Opinion Piece: Quality data is vital to decreasing fraud in the insurance industry

BY SUPPLIED - MARCH 5, 2015

Businesses and consumers alike typically consider insurance to be a grudge purchase – something they need to have, but which does not add value. Although it is essential in protecting them from a wide range of unforeseen events, the worth of the monthly or annual premium paid as well as any service fees involved is only realised in the event that something goes wrong. In such events, the insurer will assess and pay out compensation to rectify damages.

This simplistic view of the workings of the insurance industry is the general understanding of most policyholders. In reality, however, a substantial amount of work is required in the background to ensure that policies and claims are processed quickly and effectively. In order to ensure this processes happen smoothly, insurers require access to quality data to decrease the very real risk of insurance fraud, which has a negative knock-on effect to legitimate customers as well as on minimising risk while maximising customer service.

The insurance industry as a whole experiences a high volume of claims, often with high Rand amounts, making it an ideal target for fraudulent activities. In fact, according to the South African Insurance Claim Bureau (SAICB), up to 20 percent of the R50 billion claims paid annually are fraudulent.

When a policy is initiated, the insurance organisation needs to assess the person applying for the policy and ensure proper checks are made for the items being insured. During claims processing, adequate information is required to eliminate false claims. Quality information is vital for the insurance industry to monitor and review policyholders and their claims and minimise fraudulent activities. In addition, the cost of verifying previous claims and claims information with other insurers -- essential in identifying and preventing fraud -- presents a significant challenge. This is exacerbated by poor quality data, which inflates costs, increases the likelihood of unidentified false claims and stalls the underwriting and claims process, negatively impacting on customer service.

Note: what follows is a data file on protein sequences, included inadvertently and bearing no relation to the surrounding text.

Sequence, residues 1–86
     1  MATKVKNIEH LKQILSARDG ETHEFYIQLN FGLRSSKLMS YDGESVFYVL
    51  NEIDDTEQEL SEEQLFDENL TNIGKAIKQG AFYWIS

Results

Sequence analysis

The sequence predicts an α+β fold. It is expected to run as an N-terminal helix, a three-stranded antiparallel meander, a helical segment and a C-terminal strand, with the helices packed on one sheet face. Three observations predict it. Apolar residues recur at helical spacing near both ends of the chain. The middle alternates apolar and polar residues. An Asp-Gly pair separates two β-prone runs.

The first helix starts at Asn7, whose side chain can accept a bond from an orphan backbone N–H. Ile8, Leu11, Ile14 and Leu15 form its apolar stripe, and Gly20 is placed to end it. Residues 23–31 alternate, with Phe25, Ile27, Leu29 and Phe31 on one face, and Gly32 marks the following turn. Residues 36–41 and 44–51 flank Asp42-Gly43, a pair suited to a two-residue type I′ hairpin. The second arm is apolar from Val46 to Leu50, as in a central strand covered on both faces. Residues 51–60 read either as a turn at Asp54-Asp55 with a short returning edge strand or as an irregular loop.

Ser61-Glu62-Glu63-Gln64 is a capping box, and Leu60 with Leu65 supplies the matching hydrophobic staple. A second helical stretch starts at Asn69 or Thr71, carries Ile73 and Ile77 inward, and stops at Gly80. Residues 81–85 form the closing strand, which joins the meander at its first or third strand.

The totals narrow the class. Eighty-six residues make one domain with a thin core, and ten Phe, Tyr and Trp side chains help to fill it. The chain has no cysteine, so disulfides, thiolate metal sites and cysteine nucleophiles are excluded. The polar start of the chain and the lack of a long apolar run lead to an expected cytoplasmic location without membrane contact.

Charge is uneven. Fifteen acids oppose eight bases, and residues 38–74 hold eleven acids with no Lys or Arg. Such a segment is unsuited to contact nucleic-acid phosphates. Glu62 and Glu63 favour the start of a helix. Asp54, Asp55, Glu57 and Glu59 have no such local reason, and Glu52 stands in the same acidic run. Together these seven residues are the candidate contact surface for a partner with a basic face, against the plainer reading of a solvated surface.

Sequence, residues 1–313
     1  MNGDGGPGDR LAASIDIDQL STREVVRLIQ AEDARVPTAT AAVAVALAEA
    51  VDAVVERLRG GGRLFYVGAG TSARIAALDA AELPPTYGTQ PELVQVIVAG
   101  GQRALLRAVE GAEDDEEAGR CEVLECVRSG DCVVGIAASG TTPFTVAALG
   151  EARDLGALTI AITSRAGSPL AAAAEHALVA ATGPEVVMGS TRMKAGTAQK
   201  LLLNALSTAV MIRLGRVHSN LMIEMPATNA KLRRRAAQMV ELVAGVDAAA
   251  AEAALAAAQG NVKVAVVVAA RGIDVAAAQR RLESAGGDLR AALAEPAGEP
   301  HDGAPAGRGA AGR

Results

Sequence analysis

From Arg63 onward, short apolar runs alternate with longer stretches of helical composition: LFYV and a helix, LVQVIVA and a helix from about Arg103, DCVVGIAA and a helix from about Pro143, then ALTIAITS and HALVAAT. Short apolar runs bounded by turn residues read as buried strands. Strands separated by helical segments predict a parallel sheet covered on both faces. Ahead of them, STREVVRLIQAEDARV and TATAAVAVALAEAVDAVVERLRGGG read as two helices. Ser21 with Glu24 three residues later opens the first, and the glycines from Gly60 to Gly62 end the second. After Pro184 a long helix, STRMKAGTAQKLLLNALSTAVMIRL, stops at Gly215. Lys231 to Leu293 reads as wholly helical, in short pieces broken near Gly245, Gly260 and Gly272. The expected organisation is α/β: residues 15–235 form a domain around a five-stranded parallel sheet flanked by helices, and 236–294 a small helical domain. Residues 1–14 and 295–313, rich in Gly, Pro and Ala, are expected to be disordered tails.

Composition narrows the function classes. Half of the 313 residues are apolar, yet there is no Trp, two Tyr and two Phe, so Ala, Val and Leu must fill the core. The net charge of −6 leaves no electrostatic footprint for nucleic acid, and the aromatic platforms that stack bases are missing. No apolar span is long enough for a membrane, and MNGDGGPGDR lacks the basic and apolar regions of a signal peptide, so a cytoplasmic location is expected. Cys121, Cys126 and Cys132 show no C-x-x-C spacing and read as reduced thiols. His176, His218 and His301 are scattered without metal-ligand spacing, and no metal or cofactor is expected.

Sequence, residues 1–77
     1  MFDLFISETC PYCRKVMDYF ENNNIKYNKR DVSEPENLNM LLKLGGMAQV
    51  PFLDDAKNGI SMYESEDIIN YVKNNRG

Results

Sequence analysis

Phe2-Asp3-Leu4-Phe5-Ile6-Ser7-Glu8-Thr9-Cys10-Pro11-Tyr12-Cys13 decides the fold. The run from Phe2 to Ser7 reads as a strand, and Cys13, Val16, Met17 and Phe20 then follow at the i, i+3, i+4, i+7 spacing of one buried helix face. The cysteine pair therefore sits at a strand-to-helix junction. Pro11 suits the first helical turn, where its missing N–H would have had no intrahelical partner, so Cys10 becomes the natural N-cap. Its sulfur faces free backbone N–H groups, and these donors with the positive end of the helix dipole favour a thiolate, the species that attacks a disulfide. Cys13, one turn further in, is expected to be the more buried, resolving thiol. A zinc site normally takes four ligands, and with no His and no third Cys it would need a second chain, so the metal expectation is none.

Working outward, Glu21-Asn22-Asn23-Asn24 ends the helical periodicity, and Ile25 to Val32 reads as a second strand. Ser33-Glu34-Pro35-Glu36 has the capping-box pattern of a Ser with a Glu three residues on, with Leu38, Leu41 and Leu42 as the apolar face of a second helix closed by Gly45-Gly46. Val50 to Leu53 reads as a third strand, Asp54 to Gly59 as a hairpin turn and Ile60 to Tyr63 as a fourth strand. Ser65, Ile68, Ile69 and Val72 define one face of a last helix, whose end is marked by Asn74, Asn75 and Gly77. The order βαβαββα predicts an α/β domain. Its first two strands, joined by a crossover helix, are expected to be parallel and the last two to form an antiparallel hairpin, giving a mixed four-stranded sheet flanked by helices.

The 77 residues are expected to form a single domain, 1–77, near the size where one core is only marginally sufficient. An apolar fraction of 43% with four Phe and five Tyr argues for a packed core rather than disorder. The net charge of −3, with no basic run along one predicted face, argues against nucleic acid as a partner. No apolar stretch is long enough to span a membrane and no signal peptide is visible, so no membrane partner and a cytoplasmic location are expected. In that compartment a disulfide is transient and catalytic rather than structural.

Quality data is now coming to the forefront as an essential tool for the insurance industry. This is driven in part by legislation such as the Insurance Laws Amendment Act, as well as the requirement for Solvency Assessment Management (SAM), which requires insurance companies to have a better view of their exposure. This can only be achieved through an accurate understanding of what and who is insured, which in turn requires quality information.

Furthermore, enhanced quality of data will enable improved underwriting, risk assessment and understanding of claims, which in turn leads to improved customer service. The more information captured and available at the insurer’s fingertips, the better they will be able to identify risk, process claims and weed out fraudulent activities.

The Insurance Data System (IDS) provides an ideal platform for much of the necessary verification of claims and policies to take place. IDS is a central repository of data around insured parties, insurance policies and claims which can help insurers to understand more about the risk of insurance underwriting or a particular claim.

Using the historical information in this database, insurers can pick up trends and patterns, identify individuals or businesses making duplicate claims, and highlight other red flags that may indicate fraudulent activity. However, the accuracy of any insight derived depends upon the accuracy and completeness of data within IDS, which in itself offers a significant challenge. Incorrectly captured or incomplete information submitted to IDS prevents this data from being correctly verified when necessary.

Accurate and complete information will ensure the data in IDS is clean and provides the most effective insights. This will benefit the insurance industry by improving the verification processes, ultimately saving organisations money and decreasing the number of fraudulent activities. The quality of data within IDS is the essential component, however data quality is not a once-off exercise. Ensuring quality data now and in the future will require both the insurance industry and the bureau to work closely together, creating a win-win situation that is mutually beneficial for all parties. 

 

Photo Caption: Ian Logan, Senior Director: Insurance and Partners at TransUnion